The result is a message, the planet is not inexhaustible, it's finite, and that shouldn’t be news to anyone, the need to protect it transcends all cultures.

Thana explored female sexuality in her original, “Animal Instinct” and a cover of Massive Attack’s, “Teardrop”. “Part of this album was dissecting what is it that makes me feel like a woman and part of that is my sexuality and feeling like a sexual being.”

ONA is a testament to a woman’s soul, a biography of her spirit. The styles and textures utilized employ influences that span the globe. To call the album strictly straight-ahead jazz, however, would not be entirely accurate. Thana adds that the departure from strict straight-ahead jazz was not a conscious decision.

“The way the music scene has been changing, the way the jazz genre has been morphing under a larger umbrella, it just happened that way. I have just been very influenced the past five years by other styles of music. Jazz is still my point of reference, it’s what I studied, the place that I start from harmonically and structurally, but then I’m also influenced by my Balkan roots which utilizes these odd time signatures and micro tonal sounds. I also like groovin' music as well, it’s basically what had to come out at this point in my development.”

Jazz still being the core of Thana’s work, she performs routinely with Antonio Sanchez in the group Migration as an experimental vocalist. It is with Antonio that she will be performing, April 7th, for the festival and fundraiser, Live From Our Living Rooms. The project is a passion of Thana’s that she helped create in response to the Covid-19 pandemic where donations are collected to help local musicians who are out of work from social distancing. Sponsored by Elad Kabilio of MusicTalks, a non-profit organization, individuals and institutions can make tax deductible donations while enjoying a live online concert for an entire week.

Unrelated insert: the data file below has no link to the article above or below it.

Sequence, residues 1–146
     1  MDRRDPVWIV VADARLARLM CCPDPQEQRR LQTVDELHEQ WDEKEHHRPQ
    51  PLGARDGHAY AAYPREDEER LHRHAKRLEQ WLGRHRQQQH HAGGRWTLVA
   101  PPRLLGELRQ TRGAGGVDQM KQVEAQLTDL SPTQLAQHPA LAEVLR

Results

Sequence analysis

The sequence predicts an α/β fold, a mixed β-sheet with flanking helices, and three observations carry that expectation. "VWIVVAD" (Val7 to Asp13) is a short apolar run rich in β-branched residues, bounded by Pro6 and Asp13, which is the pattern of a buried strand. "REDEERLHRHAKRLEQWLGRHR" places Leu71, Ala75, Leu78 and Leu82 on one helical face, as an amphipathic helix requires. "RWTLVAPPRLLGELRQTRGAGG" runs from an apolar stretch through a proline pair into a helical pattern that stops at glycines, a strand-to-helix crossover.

“All of our strengths fulfilled each other's weaknesses and ended up creating something very powerful. I’m incredibly amazed by the reaction, just how quickly everyone responded and with such positivity and willingness. It was amazing to see the people at the top of the jazz community were not only willing but excited about it!.”

In fact, the response for the event has been so overwhelming that they are considering a second week of performances to keep up with demand. The festival will be on CrowdCast and available on the official site ( and on the artist’s individual Facebook pages. The line features nightly performances of heavy hitters, Chick Corea, Bill Frisell, Christian McBride, Joe Lovana & Judi Silvano, Becca Stevens, Owen Broder, and of course; Thana Alexa & Antonio Sanchez. There will be four events a day for seven days straight, including 11:30 am children show, followed by a 3 pm interdisciplinary or master class program, then a 7 pm and an 8pm performance. All proceeds will go to grants for local musicians, donations and applications can be found on the official site (

“We all have to support each other,” Thana explains. “The festival will give way to a lot of interesting and creative exchanges, who knows, it may inform the future of music, how it’s performed, how it’s shared, it may open up ways for people around the world to be exposed to music that you typically only experience in New York jazz clubs, it’s going to be interesting to see how it develops. If nothing else, it will be an amazing way for us to continue a meaningful exchange of ideas while we’re all in our individual quarantines.”

And while gigs seem to be canceled through August she keeps busy teaching and writing. She even teased possibly doing an album with her husband. Back in January while at NAMM where Antonio was for Yamaha, they gave two impromptu shows. Completely improvised they realized they had stumbled onto something amazing. We can only hope that we get a studio album from the duo.

As we rounded out our interview, I asked what we always ask, a sometimes impossible question, what is your favorite jazz album of all time? The answer was The Way Up by Pat Metheny Group, notably featuring her husband on drums.